When a person does not rely on the profits of his business for subsistence, but has laid up or received as an inheritance a sum of money, the income of which is sufficient for his maintenance, he is considered independent in his circumstances.

Independence is, in most cases, an excellent quality and state; but when a man's independence of character leads him to abuse, and refuse to conform to, the customs of his country, because he perceives in them something absurd, it makes him appear ridiculous.




Analogy, as defined by Johnson, is a resemblance between two things with regard to some circumstances or effects.

Webster defines it thus : An agreement or likeness between things in some circumstances or effects, when the things are otherwise entirely different. Thus, learning is said to enlighten the mind, that is, it is to the mind what light is to the eye, , enabling it to discover what was hidden before. *

Example. Youth and morning resemble each other in many particulars. Youth is the first part of life. Morning is the first part of the day. Youth is the time when preparation is to be made for the business of life. In the morning, arrangements are made for the employment of the day. In youth, our spirits are light, no cares perplex, no troubles annoy us. In the morning the prospect is fair, no clouds arise, no tempest threatens, no commotion among the elements impends. In youth we form plans which the later periods of life cannot execute; and the morning, likewise, is often productive of promises which neither noon nor evening can perform.

From this example it will be seen that subjects which in reality have in themselves no actual resemblance, may be so contrasted as to present an appearance of resemblance in their effects. Many of the beauties of poetry arise from the poet's observing these similitudes, and expressing them in appropriate language. Thus darkness and adversity, comfort and light, life and the ocean, evening and old age, misfortune and a storm, a clergyman and a shepherd, smiles and sunshine, tears and rain, a guilty conscience and a defenceless body, are subjects which in themselves have no actual similitude; yet, when contrasted with their effects, points of resemblance will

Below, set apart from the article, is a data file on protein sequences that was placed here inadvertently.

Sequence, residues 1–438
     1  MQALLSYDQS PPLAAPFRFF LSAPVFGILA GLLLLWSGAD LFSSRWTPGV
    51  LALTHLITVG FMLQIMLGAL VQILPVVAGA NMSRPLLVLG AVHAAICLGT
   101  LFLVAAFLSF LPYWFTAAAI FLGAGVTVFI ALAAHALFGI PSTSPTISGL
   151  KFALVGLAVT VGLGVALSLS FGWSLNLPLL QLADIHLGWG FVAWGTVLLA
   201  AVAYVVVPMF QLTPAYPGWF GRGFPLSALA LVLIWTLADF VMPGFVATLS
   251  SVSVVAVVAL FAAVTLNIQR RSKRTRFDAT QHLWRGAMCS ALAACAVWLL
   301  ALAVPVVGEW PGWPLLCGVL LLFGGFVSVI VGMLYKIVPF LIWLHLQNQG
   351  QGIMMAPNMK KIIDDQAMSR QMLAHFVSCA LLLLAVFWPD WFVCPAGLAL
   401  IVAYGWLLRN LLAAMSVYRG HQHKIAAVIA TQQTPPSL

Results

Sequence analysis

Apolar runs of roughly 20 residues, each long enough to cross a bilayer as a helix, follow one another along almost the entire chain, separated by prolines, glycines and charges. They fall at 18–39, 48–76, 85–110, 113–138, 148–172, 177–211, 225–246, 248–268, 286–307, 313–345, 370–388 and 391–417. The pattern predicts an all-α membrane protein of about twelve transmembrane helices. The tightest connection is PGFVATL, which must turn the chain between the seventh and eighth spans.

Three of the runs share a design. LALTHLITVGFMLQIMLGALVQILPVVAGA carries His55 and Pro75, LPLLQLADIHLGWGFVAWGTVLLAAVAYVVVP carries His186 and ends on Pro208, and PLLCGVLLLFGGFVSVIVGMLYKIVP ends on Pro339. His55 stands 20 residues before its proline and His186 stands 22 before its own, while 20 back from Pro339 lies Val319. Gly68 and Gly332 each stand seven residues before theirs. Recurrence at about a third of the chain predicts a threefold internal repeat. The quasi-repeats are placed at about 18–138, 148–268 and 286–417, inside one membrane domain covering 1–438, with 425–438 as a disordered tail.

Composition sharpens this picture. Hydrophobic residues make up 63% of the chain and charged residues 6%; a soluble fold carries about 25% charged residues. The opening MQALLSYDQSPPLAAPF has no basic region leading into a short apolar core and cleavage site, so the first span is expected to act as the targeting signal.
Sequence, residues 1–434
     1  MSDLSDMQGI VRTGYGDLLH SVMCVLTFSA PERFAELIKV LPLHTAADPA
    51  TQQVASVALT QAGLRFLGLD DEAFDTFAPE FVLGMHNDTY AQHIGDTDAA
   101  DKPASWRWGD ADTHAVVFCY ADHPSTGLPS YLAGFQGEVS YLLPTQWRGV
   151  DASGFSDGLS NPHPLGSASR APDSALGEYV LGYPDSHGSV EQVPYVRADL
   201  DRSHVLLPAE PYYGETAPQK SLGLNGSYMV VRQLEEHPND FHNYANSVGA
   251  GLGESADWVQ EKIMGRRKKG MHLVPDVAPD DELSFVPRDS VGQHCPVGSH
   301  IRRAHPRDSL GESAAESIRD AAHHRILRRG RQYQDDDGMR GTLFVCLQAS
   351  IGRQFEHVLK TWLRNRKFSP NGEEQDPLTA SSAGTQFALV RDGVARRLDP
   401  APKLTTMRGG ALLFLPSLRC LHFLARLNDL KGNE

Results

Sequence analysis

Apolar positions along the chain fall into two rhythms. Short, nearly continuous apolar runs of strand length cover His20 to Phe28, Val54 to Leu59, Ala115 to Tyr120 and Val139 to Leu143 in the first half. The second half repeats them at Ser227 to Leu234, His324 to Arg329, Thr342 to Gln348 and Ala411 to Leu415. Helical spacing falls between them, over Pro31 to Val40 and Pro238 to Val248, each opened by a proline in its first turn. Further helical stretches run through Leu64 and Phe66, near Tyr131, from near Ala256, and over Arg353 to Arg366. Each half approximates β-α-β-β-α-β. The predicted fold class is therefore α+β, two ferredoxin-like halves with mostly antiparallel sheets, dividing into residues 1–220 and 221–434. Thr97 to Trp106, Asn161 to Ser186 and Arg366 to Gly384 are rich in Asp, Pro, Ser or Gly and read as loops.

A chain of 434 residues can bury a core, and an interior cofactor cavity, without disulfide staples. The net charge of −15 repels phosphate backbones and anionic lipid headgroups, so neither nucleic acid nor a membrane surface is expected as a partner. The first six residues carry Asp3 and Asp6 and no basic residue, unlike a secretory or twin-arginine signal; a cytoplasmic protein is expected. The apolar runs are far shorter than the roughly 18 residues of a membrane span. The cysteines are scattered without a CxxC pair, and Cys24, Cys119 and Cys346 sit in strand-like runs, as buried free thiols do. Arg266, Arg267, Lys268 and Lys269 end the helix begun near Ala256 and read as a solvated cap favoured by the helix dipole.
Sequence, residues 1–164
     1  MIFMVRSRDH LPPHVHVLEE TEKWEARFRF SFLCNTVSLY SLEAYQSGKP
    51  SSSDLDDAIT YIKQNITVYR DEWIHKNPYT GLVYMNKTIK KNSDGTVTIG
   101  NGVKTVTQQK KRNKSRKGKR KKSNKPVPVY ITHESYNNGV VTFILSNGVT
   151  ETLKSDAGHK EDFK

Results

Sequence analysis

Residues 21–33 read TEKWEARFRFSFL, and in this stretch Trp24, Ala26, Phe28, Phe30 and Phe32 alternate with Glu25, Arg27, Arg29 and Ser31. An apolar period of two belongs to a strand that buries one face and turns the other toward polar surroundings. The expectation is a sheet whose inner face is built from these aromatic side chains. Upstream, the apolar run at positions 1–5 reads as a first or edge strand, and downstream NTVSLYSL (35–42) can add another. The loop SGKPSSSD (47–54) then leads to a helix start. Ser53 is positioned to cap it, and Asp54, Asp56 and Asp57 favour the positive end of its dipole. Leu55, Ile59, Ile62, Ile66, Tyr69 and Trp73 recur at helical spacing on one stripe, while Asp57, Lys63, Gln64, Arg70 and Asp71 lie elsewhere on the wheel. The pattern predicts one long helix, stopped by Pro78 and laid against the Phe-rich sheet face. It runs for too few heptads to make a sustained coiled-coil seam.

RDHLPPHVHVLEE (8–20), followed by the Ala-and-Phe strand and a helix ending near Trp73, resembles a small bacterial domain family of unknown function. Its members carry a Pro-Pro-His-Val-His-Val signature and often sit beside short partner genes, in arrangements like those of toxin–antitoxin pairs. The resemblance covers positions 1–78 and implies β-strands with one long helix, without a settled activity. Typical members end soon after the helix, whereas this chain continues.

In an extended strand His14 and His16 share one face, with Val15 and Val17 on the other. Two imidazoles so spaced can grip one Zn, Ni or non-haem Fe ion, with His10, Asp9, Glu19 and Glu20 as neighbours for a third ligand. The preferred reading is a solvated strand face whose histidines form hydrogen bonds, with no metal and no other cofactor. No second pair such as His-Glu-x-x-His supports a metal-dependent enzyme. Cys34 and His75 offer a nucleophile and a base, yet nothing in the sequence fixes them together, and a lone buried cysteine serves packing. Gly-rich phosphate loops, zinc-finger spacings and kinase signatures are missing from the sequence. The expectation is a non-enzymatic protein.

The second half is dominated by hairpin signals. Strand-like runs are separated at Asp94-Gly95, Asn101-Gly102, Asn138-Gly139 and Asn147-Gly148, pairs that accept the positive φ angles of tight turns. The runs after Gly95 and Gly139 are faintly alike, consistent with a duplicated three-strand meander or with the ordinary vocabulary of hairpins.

* When the thing to which the analogy is supposed happens to be mentioned, analogy has after it the prepositions to or with: when both the things are mentioned after analogy, the preposition between is used. Johnson.

be readily seen, which show an obvious analogy. Thus, also, in the following extract the poet in addressing the sun shows an analogy between the evaporation of water, and the flight of a bird.

“ Thou lookest on the waters, and they glow

And take them wings and mount aloft in air," &c. The skilful allusion to such analogies constitutes the highest art of the poet, as it forms also the most pleasing beauty of poetry. Indeed, without such allusions, poetry loses all of its charms, and verse degenerates into mere sing-song.'

It will be a useful exercise for the student to prepare lists of subjects between which an analogy may be traced.



A Figure, in the science of language, is a departure from the common forms of words, from the established rules of syntax, or from the use of words according to their literal signification.

A departure from the common form of words is called a figure of etymology, or an etymological figure. [See Elision, &c.]

A departure from the established rules of syntax is called a syntactical figure. [See Enallage, Hyperbaton, Pleonasm, &c.]

A departure from the use of words in their literal signification is called a figure of rhetoric, or a rhetorical figure. [See Trope, Metaphor.]

Figurative language properly includes all of these different kinds of figures ; but the term is sometimes restricted to rhetorical figures. *

* Holmes's “ Rhetoric” enumerates a list of two hundred and fifty figures connected with the subjects of Logic, Rhetoric, and Grammar. The work is remarkable for its quaintness, and possesses some merit as a vocabulary. His cautions with regard to the use of figures are so characteristic, that they may afford some amusement, not edification to the student. The follow ing is his language with regard to Tropes and Figures: “The faults of Tropes are nine:

"Of tropes perplext, harsh, frequent, swoll'n, fetched far,
Ill representing, forced, low, lewd, beware."